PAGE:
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12 Top Picks in Princeton, NJ

There's so much more to Princeton and its environs than just the university. Come for a few days, and though your IQ might not rise to the level of former resident Albert Einstein's, you're sure to have great meals and great fun.
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There's so much more to Princeton, NJ and its environs than just the university. Come for a few days, and though your IQ might not rise to the level of former resident Albert Einstein's, you're sure to have great meals and great fun in this Ivy League town. Here are 12 top picks from attractions to restaurants to lodging.


1. Princeton Tour Company. Mimi Omieccinski giddily dishes on well-known Princeton residents past and present -- some the most prominent people in world history. What was the real reason JFK left Princeton U. after just seven weeks? Where did Saul Bellow, F. Scott Fitzgerald and Ernest Hemmingway play their version of beer pong? What was Hitler's bounty on Einstein's head when the great scientist was offered a job for life and free housing at the Institute of Advanced Studies (IAS) in 1933? Who now lives at Einstein's very modest white home at 112 Mercer Street? (Hint, IAS stipulates that it must remain in private hands: the hands of only Nobel Prize winners). And when is Einstein's birthday, and what does it have to do with Pi? For most of its existence, the college was virtually closed off the to the world: its gates open to the public only in 1970. Now, luckily, you can "get in," too. If only for a stroll though its Oxford-like campus.


2. Grounds For Sculpture. It's as if the coolest sculptors, arborists, landscape architects, Walt Disney and the Secret Garden huddled together to mastermind the design of 42 acres carved from the former New Jersey State Fairgrounds. Founded in 1992 as a nonprofit by one of the Johnson and Johnson heirs -- the artist Seward Johnson -- Grounds For Sculpture, a mélange of outdoor art, trees, water features, art-deco and contemporary buildings, was envisioned as a place for art appreciators of all stripes. Sip wine or beer beside a pond straight out of a French painting, with lotus blooms the size of dinner plates, wander through tree-lined "allees," touch most (but not all) of the magnificent art work, and duck into galleries the size of airplane hangers. You can spend a whole weekend here and will still want to return immediately. With an entry fee of $15 and an annual membership of $70 allowing the holder unlimited admission, events, parties, a special VIP room and lots of other goodies, this is now one of two places in the country I wish I lived closer to in order to take advantage of membership. (The other is the Rock and Roll Hall of Fame in Cleveland, OH). With a brand new expansion in 2014, GFS is sure to become a worldwide destination.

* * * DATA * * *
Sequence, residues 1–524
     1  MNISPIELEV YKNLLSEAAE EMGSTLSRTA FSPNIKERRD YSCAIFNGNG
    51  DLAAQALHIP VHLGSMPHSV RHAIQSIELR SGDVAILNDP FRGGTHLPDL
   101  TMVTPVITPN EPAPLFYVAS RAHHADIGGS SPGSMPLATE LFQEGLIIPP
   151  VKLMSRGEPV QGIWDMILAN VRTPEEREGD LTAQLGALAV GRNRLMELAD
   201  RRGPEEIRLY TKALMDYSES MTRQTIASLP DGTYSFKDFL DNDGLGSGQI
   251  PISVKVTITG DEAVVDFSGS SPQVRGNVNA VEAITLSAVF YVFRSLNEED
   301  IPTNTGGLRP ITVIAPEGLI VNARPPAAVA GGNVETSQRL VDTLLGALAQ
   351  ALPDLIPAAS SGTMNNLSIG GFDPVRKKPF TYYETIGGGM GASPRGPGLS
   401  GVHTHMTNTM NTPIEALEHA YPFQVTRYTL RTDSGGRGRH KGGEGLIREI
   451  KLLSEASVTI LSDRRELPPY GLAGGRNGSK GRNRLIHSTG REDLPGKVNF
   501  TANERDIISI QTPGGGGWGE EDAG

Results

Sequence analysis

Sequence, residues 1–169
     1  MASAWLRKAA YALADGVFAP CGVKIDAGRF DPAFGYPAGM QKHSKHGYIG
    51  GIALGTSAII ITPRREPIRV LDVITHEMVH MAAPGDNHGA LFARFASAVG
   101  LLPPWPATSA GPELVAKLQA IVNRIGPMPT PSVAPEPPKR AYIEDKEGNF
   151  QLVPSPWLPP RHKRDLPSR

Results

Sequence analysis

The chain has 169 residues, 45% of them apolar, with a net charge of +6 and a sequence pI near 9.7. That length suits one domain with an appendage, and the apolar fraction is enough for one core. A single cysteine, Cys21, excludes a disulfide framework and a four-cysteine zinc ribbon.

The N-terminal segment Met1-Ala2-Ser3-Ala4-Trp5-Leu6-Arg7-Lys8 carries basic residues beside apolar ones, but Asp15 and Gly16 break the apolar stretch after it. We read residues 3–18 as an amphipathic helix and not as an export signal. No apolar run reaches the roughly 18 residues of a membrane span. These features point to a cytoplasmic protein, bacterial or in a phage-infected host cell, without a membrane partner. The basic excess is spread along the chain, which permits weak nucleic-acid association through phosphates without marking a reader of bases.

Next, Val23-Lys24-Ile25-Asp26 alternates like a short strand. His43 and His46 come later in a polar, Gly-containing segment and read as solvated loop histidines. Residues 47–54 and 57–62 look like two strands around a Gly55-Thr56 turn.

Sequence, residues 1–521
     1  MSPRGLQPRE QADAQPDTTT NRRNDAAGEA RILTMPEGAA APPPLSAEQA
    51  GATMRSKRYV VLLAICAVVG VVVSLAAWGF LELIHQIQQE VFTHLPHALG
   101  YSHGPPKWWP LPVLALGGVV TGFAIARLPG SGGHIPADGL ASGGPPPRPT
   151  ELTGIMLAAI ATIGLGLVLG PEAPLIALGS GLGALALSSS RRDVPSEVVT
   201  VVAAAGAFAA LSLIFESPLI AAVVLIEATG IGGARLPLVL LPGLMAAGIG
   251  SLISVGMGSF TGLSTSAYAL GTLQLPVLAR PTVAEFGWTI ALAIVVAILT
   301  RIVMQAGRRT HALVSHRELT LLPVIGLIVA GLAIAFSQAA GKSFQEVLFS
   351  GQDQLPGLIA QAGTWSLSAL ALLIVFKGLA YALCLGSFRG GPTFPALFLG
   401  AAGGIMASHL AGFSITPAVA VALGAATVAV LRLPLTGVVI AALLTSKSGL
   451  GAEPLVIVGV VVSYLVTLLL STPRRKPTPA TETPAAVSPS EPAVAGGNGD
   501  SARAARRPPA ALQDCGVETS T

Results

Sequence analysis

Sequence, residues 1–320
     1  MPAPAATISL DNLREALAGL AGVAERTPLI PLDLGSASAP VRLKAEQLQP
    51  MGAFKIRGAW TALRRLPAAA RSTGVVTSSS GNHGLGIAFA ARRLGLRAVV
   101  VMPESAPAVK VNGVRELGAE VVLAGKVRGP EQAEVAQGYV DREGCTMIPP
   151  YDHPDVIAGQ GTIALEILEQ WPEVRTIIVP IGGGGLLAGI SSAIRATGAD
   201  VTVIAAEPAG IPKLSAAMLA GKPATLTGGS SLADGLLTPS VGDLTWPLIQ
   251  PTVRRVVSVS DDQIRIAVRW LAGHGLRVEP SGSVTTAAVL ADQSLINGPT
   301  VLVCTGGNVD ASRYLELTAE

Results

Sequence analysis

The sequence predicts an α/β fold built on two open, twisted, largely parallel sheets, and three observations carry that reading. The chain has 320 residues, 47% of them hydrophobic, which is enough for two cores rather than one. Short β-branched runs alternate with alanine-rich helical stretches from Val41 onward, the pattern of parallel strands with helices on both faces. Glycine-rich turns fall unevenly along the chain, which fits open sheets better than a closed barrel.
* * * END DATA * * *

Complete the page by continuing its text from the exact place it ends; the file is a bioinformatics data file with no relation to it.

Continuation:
Rat's Restaurant at Grounds for Sculpture. New Jersey Monthly called Rat's the state's "Most Romantic" restaurant, and if you can get past the name and just look around, you'll realize why. Lakeside, garden sculptures, stunning landscaping and "Gypsy Wagon" entrance is just the half of it. The "modern take on country cuisine" include repeat-guest favorites such as the addictive Crispy Shrimp Salad ($18) and Short Ribs with roasted vegetables ($23).


3. Landau/Einstein Museum. Walk through a world of woolens to the back of this store, where you'll find an homage to Einstein -- just a little nook -- between the Fisherman knit sweaters and the Loden Coats that includes photos and copies of his most offbeat and important letters. Brothers Henry and Robert are the third generation of Landau's to run this woolen's store right across from Princeton U's main gate. The store became an ersatz Einstein Museum after neighbors were asked to bring Einstein memorabilia to be used in the front window for the filming of the movie IQ. A dying breed, this is a family-owned specialty store where the owners love to talk to customers face to face (though you can certainly order online) and one of the only places on Earth you can find a variety of classic woolens like light, soft ultra dense Loden Coats, authentic hand-woven Harris Tweed jackets, Possum Marino woolens, and Mohair Throws, aka "Plaids."


4. Peacock Inn Restaurant: Expect an exceptional dining experience rather than a meal, and allow a few hours. Chef Manuel Perez and his pastry chef wife, Cynthia, helm one of New Jersey Monthly's Top 25 Restaurants in New Jersey, and Manuel's proficiency with fish harks from his stint at Le Bernadin in New York. Knowledgeable and anticipatory wait staff make brilliant recommendations including the signature silky Hudson Foie Gras Terrain ringed with Marmalade, Onion Soup with a stamp of pureed caramelized onions over which sweet Vidalia Onion broth is poured, discs of crispy-soft Ricotta Gnocchi in a bed of asparagus, sun-dried tomatoes and mushrooms, Organic Scottish Salmon "En Croute" -- velvety fillets wrapped in the slightest hint of phyllo, and the Sticky Toffee Date Cake to finish it off. Multi-course tasting menu, $91 and paired with wine $141. Two words: Worth It.